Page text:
A man accused of committing blasphemy under a controversial Pakistani law has been killed while standing trial. It is the latest in a series of such extrajudicial killings in the country.
A Pakistani man was arrested on Wednesday after he entered a courtroom in the northwestern city of Peshawar and shot and killed another man who was standing trial for blasphemy.
The man on trial was facing charges of having insulted the Muslim Prophet Muhammad, an offense that carries the maximum sentence of death under the country’s blasphemy laws.
The suspect told police that he had been ordered to carry out the killing by Muhammad because the accused had belonged to the Ahmadiyya faith, a minority that Pakistan declared non-Muslim in 1974 for regarding its founder, Ghulam Ahmad, as a prophet. In orthodox Islam, there can be no prophets after Muhammad.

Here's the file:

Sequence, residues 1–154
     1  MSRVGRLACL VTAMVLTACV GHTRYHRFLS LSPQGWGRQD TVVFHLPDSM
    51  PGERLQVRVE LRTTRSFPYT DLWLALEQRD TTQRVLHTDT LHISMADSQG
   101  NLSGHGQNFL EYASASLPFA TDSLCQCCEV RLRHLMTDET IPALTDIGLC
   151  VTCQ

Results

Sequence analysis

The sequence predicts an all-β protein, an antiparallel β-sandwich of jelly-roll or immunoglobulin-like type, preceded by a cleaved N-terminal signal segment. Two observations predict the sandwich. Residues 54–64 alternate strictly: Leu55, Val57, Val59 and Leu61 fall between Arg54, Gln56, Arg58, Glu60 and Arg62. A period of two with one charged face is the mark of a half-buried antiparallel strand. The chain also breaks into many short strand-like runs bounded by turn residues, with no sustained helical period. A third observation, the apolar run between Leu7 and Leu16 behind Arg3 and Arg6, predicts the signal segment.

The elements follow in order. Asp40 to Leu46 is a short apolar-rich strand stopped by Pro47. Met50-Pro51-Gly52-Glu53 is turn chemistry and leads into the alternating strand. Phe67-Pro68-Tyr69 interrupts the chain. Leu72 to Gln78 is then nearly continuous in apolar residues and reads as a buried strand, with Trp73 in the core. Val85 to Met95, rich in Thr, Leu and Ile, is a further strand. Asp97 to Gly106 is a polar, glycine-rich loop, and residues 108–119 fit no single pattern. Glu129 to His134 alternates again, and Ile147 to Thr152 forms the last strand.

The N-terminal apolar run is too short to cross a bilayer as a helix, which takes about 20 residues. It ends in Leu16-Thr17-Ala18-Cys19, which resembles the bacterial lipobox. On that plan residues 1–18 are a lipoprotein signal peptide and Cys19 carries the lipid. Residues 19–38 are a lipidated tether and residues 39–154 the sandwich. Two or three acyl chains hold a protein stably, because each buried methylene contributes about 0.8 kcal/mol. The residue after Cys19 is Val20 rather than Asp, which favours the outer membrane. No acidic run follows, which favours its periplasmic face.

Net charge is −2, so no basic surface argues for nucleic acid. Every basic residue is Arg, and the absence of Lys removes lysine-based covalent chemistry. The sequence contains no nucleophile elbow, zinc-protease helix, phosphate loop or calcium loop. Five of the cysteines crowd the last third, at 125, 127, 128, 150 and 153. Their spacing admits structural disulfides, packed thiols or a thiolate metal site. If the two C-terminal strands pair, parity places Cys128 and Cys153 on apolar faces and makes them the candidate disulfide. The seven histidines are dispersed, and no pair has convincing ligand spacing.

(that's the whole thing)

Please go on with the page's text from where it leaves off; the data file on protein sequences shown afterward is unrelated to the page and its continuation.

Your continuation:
The group, which numbers some 4 million members, has faced persecution for decades.
One police officer, Azmat Khan, told the Associated Press that the accused had himself claimed to be Islam’s prophet and had been arrested on blasphemy charges two years ago.
Human rights groups have said Pakistan’s blasphemy laws, introduced by former military ruler Ziaul Haq in the 1980s, are often used to settle personal scores, with a mere accusation often sufficing to cause riots or killings.
Although Pakistani authorities have yet to put someone to death for the offense, crowds and individuals often take the law into their own hands. More than 50 people have been victims of extrajudicial killings before their court trials had even finished.
In one prominent case, a governor in Punjab province was murdered by his own guard after he defended a Christian woman, Asia Bibi, who faced blasphemy charges. Bibi herself was acquitted after spending eight-year on death row and emigrated to Canada last year after death threats from Islamic extremists.